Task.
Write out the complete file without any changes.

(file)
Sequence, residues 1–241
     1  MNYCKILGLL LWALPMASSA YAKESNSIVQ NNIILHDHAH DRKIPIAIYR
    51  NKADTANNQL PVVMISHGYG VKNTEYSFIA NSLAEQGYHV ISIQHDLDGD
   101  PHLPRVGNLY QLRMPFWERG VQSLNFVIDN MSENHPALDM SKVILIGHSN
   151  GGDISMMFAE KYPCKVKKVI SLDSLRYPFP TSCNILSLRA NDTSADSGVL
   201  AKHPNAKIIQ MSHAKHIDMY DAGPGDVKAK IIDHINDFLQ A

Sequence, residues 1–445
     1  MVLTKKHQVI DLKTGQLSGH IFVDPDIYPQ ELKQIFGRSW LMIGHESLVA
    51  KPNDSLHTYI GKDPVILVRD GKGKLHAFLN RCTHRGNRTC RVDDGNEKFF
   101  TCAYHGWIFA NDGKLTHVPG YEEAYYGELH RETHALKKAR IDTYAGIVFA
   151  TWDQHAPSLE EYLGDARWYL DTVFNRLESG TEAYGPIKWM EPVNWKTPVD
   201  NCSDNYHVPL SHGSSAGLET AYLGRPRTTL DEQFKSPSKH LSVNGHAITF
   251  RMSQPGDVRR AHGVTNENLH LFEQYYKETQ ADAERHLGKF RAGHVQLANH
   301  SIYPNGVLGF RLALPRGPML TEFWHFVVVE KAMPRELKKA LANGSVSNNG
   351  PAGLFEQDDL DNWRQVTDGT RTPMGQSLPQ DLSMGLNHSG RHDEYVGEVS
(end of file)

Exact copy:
Sequence, residues 1–241
     1  MNYCKILGLL LWALPMASSA YAKESNSIVQ NNIILHDHAH DRKIPIAIYR
    51  NKADTANNQL PVVMISHGYG VKNTEYSFIA NSLAEQGYHV ISIQHDLDGD
   101  PHLPRVGNLY QLRMPFWERG VQSLNFVIDN MSENHPALDM SKVILIGHSN
   151  GGDISMMFAE KYPCKVKKVI SLDSLRYPFP TSCNILSLRA NDTSADSGVL
   201  AKHPNAKIIQ MSHAKHIDMY DAGPGDVKAK IIDHINDFLQ A

Sequence, residues 1–445
     1  MVLTKKHQVI DLKTGQLSGH IFVDPDIYPQ ELKQIFGRSW LMIGHESLVA
    51  KPNDSLHTYI GKDPVILVRD GKGKLHAFLN RCTHRGNRTC RVDDGNEKFF
   101  TCAYHGWIFA NDGKLTHVPG YEEAYYGELH RETHALKKAR IDTYAGIVFA
   151  TWDQHAPSLE EYLGDARWYL DTVFNRLESG TEAYGPIKWM EPVNWKTPVD
   201  NCSDNYHVPL SHGSSAGLET AYLGRPRTTL DEQFKSPSKH LSVNGHAITF
   251  RMSQPGDVRR AHGVTNENLH LFEQYYKETQ ADAERHLGKF RAGHVQLANH
   301  SIYPNGVLGF RLALPRGPML TEFWHFVVVE KAMPRELKKA LANGSVSNNG
   351  PAGLFEQDDL DNWRQVTDGT RTPMGQSLPQ DLSMGLNHSG RHDEYVGEVS